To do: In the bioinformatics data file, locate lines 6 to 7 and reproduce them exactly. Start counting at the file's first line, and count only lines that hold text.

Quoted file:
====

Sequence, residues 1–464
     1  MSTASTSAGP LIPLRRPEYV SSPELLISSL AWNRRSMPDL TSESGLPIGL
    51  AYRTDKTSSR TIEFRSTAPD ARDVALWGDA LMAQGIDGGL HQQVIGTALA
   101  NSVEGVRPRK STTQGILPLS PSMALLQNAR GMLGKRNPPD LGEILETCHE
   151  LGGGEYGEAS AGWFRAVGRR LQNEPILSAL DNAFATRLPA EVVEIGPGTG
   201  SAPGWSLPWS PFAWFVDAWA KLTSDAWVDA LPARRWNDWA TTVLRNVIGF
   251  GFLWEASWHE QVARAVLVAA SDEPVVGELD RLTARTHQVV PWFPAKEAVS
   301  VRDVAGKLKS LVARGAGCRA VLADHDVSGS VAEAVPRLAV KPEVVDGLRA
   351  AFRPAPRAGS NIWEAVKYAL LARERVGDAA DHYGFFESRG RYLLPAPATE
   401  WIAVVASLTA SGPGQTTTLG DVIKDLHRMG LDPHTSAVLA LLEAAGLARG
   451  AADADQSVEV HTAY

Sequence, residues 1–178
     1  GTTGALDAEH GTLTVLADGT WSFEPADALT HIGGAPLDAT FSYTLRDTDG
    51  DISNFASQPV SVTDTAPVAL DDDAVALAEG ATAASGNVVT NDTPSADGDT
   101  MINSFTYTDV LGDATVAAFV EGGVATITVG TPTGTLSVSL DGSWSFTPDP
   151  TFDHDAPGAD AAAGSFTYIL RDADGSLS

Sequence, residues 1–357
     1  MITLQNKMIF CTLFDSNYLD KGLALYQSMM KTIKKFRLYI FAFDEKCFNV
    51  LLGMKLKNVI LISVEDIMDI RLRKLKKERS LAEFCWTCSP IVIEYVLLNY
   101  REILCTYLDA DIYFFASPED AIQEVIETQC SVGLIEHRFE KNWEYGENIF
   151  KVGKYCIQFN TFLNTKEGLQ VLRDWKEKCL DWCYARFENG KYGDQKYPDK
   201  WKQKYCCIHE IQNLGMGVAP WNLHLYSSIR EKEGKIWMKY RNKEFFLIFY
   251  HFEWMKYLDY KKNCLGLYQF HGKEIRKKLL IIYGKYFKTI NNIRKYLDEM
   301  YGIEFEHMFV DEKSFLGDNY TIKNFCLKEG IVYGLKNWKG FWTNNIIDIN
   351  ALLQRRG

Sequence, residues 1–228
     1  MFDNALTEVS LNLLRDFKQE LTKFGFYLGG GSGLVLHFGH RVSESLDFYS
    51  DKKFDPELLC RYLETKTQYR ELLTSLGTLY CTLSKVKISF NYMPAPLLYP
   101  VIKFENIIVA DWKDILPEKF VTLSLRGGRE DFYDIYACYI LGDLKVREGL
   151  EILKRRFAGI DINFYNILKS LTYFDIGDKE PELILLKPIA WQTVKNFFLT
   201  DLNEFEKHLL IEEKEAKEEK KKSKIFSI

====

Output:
   201  SAPGWSLPWS PFAWFVDAWA KLTSDAWVDA LPARRWNDWA TTVLRNVIGF
   251  GFLWEASWHE QVARAVLVAA SDEPVVGELD RLTARTHQVV PWFPAKEAVS